The police authorities are afraid to take action against the minorities because the latter have the protection of local political leaders. Many a times fights crop up between the Harijans and other castes over the issue of untouchability. Taking advantage of such a situation, the Muslims and Christians try to lure them to their camp. We have Bangladeshi infiltrators who create all kinds of problems by joining hands with the local Muslims. Thousands of educated youth are roaming unemployed in search of employment-we seek an answer from the Hindu workers to hundreds of such problems. But when they are told, “why don'tyou come forward to help them in whatever way you can,” their stock reply is, “we have no worker to do such work.”
Once a professor of a college asked, at a meeting of the Sangh workers in Karnataka, “Many decades have passed since the Sangh began its activities. Even then, our work to a large extent in making the Hindus come together as a group has not succeeded. What could be the reason?” I asked him, “We shall discuss the unity of the Hindu society in the entire country. Tell us, it has been thirty years since work began in villages and tehsils. How much work has been done to bring the Hindus together in the society so far?” In reply to this question, the professor replied, “We did not have the right people for such work. That is why work could not be done.” I asked him, “Why so? You are there. There must be other Swayamsewaks too; surely they too must be aware of the plight of the Hindu society? Then why don'tyou do something?” The professor had no reply to this; he kept quiet.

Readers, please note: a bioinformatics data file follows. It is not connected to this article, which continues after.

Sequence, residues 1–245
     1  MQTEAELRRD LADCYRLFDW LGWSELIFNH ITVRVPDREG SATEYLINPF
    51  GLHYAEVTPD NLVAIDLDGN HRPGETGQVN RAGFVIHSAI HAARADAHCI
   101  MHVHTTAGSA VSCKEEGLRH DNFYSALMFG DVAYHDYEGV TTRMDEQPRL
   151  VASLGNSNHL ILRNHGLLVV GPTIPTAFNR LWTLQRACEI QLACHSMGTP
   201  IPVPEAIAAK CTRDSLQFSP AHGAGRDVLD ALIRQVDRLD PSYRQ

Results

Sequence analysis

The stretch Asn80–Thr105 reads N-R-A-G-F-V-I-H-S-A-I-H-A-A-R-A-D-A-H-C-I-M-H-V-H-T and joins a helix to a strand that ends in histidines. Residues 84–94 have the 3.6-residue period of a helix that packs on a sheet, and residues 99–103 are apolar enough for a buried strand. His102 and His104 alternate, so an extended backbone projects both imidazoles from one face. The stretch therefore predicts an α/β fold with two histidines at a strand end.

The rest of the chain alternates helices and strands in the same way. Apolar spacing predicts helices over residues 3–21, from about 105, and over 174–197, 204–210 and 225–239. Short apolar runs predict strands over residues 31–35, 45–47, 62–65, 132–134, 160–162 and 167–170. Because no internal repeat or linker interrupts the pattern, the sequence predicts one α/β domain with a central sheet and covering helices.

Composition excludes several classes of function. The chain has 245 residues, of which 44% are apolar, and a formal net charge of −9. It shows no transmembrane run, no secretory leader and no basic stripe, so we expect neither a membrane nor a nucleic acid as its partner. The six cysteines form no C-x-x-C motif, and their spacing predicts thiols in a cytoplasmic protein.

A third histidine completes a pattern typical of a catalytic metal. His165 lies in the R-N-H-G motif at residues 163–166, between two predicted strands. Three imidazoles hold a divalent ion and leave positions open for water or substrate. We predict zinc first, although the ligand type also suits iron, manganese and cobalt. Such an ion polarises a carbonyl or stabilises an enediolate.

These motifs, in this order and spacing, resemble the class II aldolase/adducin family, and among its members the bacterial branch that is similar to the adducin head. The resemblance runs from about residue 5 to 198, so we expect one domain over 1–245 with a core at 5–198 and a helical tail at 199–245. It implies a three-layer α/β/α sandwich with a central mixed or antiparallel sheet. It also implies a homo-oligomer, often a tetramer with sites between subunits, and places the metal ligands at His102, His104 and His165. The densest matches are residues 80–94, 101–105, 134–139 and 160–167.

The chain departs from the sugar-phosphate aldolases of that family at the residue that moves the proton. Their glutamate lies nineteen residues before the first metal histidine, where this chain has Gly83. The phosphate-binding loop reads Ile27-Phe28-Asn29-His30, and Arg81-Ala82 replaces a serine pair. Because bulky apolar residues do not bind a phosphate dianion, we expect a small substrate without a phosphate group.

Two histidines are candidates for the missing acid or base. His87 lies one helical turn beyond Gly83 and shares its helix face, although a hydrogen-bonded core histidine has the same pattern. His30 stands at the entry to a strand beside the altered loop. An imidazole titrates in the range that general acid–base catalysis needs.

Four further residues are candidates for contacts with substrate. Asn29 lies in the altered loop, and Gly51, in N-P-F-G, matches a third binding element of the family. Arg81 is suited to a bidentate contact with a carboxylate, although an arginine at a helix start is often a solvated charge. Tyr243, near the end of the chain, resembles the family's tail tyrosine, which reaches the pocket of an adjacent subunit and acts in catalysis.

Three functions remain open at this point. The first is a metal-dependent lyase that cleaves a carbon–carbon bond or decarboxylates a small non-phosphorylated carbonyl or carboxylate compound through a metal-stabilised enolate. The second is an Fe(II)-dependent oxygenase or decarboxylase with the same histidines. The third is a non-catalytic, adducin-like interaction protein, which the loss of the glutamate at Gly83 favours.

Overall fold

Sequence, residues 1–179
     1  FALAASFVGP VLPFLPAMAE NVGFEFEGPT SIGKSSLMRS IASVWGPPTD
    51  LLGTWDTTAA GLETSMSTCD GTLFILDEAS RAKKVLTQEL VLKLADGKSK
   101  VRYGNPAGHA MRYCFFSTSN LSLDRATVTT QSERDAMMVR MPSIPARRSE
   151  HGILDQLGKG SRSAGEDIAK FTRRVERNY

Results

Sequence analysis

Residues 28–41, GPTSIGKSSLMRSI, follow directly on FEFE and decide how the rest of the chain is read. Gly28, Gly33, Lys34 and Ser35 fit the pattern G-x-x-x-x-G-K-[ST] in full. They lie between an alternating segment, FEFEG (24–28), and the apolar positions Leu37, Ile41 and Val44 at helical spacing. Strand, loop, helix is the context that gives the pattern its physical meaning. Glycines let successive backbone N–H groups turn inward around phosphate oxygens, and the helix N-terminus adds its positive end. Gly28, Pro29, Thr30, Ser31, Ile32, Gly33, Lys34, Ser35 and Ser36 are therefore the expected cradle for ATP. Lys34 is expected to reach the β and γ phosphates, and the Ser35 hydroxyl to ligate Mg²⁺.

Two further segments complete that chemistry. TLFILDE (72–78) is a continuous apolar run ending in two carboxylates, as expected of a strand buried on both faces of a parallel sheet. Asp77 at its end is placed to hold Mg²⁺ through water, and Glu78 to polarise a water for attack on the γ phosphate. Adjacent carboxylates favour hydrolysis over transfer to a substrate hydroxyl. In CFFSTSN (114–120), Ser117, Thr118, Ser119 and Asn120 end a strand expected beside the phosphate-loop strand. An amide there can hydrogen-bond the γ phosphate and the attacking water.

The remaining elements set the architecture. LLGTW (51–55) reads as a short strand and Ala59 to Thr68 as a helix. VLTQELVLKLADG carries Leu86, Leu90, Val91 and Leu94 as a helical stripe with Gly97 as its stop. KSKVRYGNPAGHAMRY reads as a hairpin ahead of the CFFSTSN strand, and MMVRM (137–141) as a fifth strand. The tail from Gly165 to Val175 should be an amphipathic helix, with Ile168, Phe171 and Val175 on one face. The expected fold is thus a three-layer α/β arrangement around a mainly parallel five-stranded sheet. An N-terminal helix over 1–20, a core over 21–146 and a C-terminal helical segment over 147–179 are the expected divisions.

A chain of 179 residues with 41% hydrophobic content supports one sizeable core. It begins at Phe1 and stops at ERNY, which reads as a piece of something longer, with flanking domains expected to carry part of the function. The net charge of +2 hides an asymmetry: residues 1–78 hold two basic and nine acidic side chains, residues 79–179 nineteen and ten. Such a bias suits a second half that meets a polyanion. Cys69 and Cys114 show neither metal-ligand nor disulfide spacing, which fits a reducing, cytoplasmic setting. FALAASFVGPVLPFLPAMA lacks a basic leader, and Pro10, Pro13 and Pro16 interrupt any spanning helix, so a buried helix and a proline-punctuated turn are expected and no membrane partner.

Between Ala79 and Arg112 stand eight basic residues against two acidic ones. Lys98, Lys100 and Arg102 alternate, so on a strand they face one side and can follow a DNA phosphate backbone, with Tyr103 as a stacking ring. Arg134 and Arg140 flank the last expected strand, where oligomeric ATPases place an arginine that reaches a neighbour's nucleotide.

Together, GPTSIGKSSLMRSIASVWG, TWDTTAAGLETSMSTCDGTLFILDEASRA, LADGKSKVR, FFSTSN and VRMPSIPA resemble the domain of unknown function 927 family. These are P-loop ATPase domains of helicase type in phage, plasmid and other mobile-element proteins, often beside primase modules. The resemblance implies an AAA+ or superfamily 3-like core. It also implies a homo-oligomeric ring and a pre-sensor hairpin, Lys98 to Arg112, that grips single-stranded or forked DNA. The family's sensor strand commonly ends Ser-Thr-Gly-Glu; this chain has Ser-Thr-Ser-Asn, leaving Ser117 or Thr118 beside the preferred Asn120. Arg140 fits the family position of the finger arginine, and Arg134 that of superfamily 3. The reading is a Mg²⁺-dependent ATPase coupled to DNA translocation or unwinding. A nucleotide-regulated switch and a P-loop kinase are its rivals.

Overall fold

The following incident relates to the period when Kanchi'srespected Paramacharya was alive. He had gone to a city in Andhra Pradesh. Some eminent citizens of the area came to pay their respects to him. They narrated their problems to Paramacharyaji thus: “A few days ago Muslims resorted to looting and arson here. They attacked us. They looted our shops and burned them down. Please suggest some way to protect ourselves from them.”
Paramacharya asked them, “Does the Sangh shakha run in your region? If it is there, then why don'tyou join it?” The traders replied hesitatingly, “We used to go earlier. Now we have to devote the entire day to our family, our business; hence we are unable to go to the shakha any longer.” Then Parmacharya replied, “You expect me to come running to protect you with my stick? If you yourself will not stand up to face the attacks on your society, then even God will not come to your protection.” Let'stry to understand this situation. Supposing there are 1,000 or 1,00,000 people in some village, the counting of their number will begin with the first one only. If there is no one to stand up first, then all the subsequent numbers will be zero only.
It is however heartening to note that since the last few years, there has been a change and people are willing to take the first step, in the Hindu society, to reply to this problem. Educated youth from small and big towns as also the young from the villages and tribal areas are coming forward. ?Strength lies in unity? of people-by adopting this sentiment the work culture is being aroused among them.
The demand of the time is to call upon those youth who are progressive enough to come forward to accept this challenge, those who can rise above the happiness and sorrows of their families and those who are willing to go wherever required in the service of the motherland. To fulfill this mission day and night, Bharat Ma is awaiting the arrival of such sons and daughters.